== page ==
Date: vendredi 5 novembre 2021

Heure: 14h00-15h00

Résumé:

This paper analyzes how firm size heterogeneity distribution affects capacity investments and profits in large competitive markets with both idiosyncratic and aggregate uncertainty shocks. We use a mean field game approach where firms’ sizes are heterogeneously distributed and decisions on capacity investments (addition) or disinvestments (withdrawal) are optimally made over time to enhance prospects of earning profits under uncertainty. A mean field game framework allows for consideration of markets with a large population of interacting firms. The dynamic of capacity decisions in the market equilibrium is characterized through a fully coupled system of forward-backward stochastic differential equations (FBSDEs), one evolving forward in time and one evolving backward in time. The equilibrium behavior of firms is solved in closed form and market dashboards are used to illustrate how changes in market uncertainty shocks affect the evolution of the size distribution of firms, the market prices, and the distribution of profits. Numerical simulations of the dynamics of the stochastic competitive market with a large number of firms suggest the followings:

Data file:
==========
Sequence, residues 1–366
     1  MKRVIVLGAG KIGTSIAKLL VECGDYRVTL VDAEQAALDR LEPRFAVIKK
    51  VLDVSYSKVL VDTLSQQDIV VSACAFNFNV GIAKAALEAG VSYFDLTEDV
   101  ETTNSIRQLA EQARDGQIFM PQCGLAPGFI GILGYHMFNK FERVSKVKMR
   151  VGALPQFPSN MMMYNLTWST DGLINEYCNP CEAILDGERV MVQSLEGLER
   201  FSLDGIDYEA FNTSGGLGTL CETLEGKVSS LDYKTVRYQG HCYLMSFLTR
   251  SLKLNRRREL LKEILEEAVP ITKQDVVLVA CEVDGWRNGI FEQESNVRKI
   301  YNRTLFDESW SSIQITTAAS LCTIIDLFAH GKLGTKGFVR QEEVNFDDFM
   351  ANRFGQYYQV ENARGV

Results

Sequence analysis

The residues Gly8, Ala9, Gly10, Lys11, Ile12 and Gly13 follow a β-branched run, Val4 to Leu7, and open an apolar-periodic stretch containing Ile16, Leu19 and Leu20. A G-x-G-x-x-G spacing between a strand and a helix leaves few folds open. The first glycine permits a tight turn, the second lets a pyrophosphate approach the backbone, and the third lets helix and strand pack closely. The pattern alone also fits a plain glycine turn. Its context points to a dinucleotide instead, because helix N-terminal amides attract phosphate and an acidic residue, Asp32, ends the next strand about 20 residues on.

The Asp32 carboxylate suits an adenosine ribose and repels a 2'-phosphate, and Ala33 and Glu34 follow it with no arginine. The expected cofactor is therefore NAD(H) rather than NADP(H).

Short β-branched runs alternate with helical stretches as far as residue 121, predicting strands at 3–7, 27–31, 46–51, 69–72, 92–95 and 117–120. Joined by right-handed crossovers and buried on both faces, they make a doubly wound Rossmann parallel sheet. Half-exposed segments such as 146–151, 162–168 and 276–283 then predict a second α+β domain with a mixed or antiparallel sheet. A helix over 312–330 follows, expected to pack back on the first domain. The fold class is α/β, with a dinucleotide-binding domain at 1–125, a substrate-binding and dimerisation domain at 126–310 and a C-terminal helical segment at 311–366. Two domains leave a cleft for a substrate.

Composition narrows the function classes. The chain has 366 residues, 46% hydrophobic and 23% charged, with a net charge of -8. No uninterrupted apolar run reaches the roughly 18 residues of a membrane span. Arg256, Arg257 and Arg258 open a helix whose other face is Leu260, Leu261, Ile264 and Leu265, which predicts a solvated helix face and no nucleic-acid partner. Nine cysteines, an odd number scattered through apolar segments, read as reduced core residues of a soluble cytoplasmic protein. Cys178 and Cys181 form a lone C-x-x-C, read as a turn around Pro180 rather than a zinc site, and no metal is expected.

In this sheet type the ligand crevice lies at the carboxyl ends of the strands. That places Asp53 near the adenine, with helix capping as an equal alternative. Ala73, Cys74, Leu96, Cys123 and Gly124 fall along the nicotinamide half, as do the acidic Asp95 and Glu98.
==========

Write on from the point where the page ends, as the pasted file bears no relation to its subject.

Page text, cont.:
1. There is a positive relation between growth rates and the size of firms, with larger firms growing faster.
  2. The equilibrium size distribution of all firms exhibits two tails.
  3. The equilibrium size distribution of large firms is highly asymmetrical and skewed toward the right.
  4. The size distribution for small-sized firms is highly skewed to the left.
  5. A bimodal shape appears in the size distribution of medium-sized firms.
  6. There is a U-shaped relation between the size category and the variance of growth rates in the sense that the variance of large-sized and small-sized firms is greater than the variance of medium-sized firms.

Biographie du conférencier:

Dr. Justin Johnson Kakeu is an Assistant Professor of Economics at University of Prince Edward Island (UPEI) in Canada. He holds a Ph.D. in Economics from University of Montreal (Canada), a Master’s in Statistics and Economics, and a Master’s in Applied Mathematics and Mechanics. Before joining the University of Prince Edward, he taught at Georgia Institute of Technology and Morehouse College in USA.

His research interests include Energy and Environmental Economics, Dynamic Macroeconomics, Sustainable Finance and Investing, Uncertainty in Resource and Climate Change Policies.